When meeting somebody new, I must decide if I need to give them some sort of pre-warning that I’m disabled. Whilst I don’t really think I should ever have to do this; I can never really know how somebody is going to react to my disability. So sometimes giving them a head’s up can avoid awkward moments.

Emily sat in her wheelchair looking at the camera There are plants behind her

I’ve experienced all kinds of reactions, some positive, some negative, and some that are just weird! Of course, there’s always the chance they’re going to give you that startled look accompanied with “Oh, what’s wrong with you?”. Some people really seem to struggle to separate the disability from the individual in front of them, and some days it’s just exhausting to have to explain yourself yet again.

According to The Red Cross, one in two able-bodied people believe they have nothing in common with disabled people. A quarter admit they have actively avoided engaging in conversation with a disabled person. It’s no wonder then that it’s so hard to meet new people as a disabled person, when you’re met with pre-judgment and misunderstanding. Sometimes, knowing all of this makes me want to avoid meeting new people as it just doesn’t feel worth it.

What can we do?

The fight for equal treatment and access is ongoing. Barriers need to be tackled piece by piece. It’s okay if you aren’t feeling in a position to fight it today. But if you are, I believe that sharing your experiences is one of the most powerful things you can do, whether that’s online or in person. Disabled people deserve to socialise and make new connections as much as anybody else. If you aren’t disabled and encounter somebody who is, think about how you can be a good ally. It’s always good to ask what you can do to help.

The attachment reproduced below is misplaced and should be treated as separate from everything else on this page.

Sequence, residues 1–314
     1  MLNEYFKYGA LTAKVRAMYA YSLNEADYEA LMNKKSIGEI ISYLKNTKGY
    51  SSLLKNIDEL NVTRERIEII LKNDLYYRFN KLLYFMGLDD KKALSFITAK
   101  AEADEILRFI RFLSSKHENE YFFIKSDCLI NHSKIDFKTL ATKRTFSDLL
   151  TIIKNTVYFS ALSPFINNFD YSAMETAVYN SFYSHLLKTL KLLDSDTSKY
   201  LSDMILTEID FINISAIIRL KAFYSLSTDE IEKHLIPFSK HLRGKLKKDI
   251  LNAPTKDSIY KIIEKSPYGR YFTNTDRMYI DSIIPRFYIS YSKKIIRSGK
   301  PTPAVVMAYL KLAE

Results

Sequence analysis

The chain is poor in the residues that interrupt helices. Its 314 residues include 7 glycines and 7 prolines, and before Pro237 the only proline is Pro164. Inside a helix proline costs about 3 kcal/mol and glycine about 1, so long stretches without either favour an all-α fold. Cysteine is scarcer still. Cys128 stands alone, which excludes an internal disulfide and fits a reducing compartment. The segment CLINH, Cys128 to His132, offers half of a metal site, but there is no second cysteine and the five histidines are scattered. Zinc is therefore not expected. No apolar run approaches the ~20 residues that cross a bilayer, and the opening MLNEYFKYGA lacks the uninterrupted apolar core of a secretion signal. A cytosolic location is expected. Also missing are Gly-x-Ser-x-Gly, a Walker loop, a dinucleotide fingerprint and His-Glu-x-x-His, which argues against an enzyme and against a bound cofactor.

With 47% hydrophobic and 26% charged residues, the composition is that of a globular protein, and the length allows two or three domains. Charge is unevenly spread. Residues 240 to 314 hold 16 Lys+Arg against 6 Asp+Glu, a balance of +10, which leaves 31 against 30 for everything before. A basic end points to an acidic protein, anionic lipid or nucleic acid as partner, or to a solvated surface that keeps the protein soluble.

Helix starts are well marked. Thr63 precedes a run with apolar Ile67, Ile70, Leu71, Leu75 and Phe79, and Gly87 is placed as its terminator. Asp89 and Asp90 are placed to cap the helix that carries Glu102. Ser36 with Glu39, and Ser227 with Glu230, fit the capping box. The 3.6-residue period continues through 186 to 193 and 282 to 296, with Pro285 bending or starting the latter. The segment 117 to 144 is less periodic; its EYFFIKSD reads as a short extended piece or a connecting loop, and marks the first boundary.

You can follow Emily’s journey on her blog or on social media @ableemily.

Have you faced barriers when socialising? What did you find helps? Let us know in the comments below!

Replies

  • AilsAils Community champion Posts: 1,638 Disability Gamechanger
    Thank you for posting this really interesting piece, @ableemily.  I can relate to some things you have mentioned here as although I don't suffer from anxiety, I do think a lot about access when going to somewhere new.  In the past when I have met someone new both in jobs and through dating, some people have treated me a bit differently until they have got to know me or even with dating haven't wanted to know at all when finding out I was disabled.  Quite shocking facts from the Red Cross regarding some able-bodied people's attitudes towards disabled people, but with people like yourself highlighting this important topic, hopefully one day things will change.  Your blog sounds interesting and I will take a look.  Good luck with everything and thanks again for sharing.  :smile:
  • TopkittenTopkitten Member Posts: 1,053 Pioneering
    I found this both interesting and accurate. It is just unfortunate that most healthy people will never read something like it.

    We live in a society that tells us we are better off at home and having help come in if necessary. My personal belief is that it is just a way to keep us out of sight as much as possible because sooner or later the isolation makes it nearly impossible to go out and mix with normal company in normal places. I also believe that those places where access is non-existent or difficult to use or locate are signs that we aren't welcome but that they don't wish to break the rules or appear to be insensitive. Imo they are giving the impression of all 3 but that's just an opinion.